The economies of Central Asia are showing strong resilience to the geopolitical adversities caused by Russia’s war on Ukraine, says the EBRD’s latest report on Regional Economic Prospects.
The EBRD is expecting the region’s GDP to grow by 4.3% in 2022 and 4.9% in 2023, which is an upward revision of its spring forecast.
The high oil and gas revenues as a result of soaring prices and increased exports benefit Central Asian hydrocarbon producers such as Kazakhstan and Turkmenistan.
The Kyrgyz Republic, Tajikistan and Uzbekistan continue to receive substantial remittances from Russia, where the demand for migrant workers is growing dramatically. The region is also experiencing very strong growth in real wages and public revenues.
Moreover, thousands of Russian speakers (from Belarus, Russia and Ukraine) relocate their businesses to Central Asia, taking advantage of special economic zones, such as Uzbekistan’s IT Park, created to capture digital nomads and exporters of IT services.
Regional economies, such as Kazakhstan and the Kyrgyz Republic, are also benefiting from re-exports to Russia of computers, consumer electronics and home appliances, spare auto parts, and electrical and electronic components, often facilitated by small shuttle traders.
Turkmenistan’s real GDP is expected to grow by 7% in 2022 and 6% in 2023.Turkmenistan has a healthy fiscal balance, supported by elevated gas revenues and low public debt. Turkmenistan continues efforts to strengthen international trade, as reflected in a recent decision on joining the International North-South Corridor, as well as agreements to develop bilateral trade, simplify visa regimes, and improve transport connectivity. The country’s strong focus on import substitution activities (financed by windfall export revenues), geopolitical neutrality and elevated gas prices will continue to drive the economy in the foreseeable future.
Uzbekistan continues to enjoy very strong economic growth driven by a large and industrious labour force, a sizeable domestic market, diversified manufacturing capacity and progress with market-oriented reforms.
Kazakhstan’s economy grew 3.4% year-on-year in the first half of 2022. The country’s oil exports reached US$ 42.2 billion, the maximum income since 2014.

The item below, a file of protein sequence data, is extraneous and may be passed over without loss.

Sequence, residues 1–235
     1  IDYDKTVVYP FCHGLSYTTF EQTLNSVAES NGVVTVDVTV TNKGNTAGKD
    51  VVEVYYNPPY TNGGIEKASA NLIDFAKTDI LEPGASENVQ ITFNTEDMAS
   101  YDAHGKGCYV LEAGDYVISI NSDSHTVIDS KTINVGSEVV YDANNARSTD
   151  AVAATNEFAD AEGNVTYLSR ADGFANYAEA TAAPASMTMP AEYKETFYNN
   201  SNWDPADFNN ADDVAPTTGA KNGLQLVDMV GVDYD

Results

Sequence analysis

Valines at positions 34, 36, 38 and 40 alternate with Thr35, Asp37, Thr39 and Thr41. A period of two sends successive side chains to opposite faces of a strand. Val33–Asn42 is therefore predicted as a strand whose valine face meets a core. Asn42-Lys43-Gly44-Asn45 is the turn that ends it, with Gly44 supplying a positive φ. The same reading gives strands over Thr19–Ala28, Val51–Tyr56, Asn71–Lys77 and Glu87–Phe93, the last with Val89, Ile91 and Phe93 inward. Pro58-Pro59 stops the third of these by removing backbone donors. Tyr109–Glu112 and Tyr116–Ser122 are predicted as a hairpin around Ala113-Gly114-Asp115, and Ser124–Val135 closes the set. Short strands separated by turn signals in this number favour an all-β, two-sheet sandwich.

The strong Russian ruble and Russia’s high demand for imported labor resulted in remittances growth to the Kyrgyz Republic by 11% in the first half of 2022.
The re-export of Chinese goods to Russia has become a major business activity for small Kyrgyz companies and individuals. The settling the long-standing conflict over the Kumtor gold mine has contributed to recovering foreign investor confidence, and the inflow of foreign direct investment (FDI) almost doubled in January-June 2022, to US$ 628 million. The EBRD predicts further FDI growth into major hydropower and railway projects in the coming years.
Despite much reduced gold exports, Tajikistan has continued during 2022 on a path of robust post-Covid recovery, with real GDP rising by 7.4% year-on-year in the first half of the year. Domestic demand received strong support from a boost in labour remittances, which, contrary to early expectations, have increased on the Rouble’s strength and Russia’s record high demand for migrant workers. In the first seven months of 2022, Tajikistan has seen an 85% increase in imports from China. In January-May 2022, despite rising global food and commodity prices, Tajikistan was the only Central Asian country to keep inflation within the target corridor.
The most urgent challenge all Central Asian economies are facing today is inflation and, in the slightly longer term, debt service costs. CPI inflation is in the 10-16 per cent range, way above the target corridors, which jeopardises the wellbeing of many households and puts structural reforms and fiscal consolidation measures at risk. ///nCa, 28 September 2022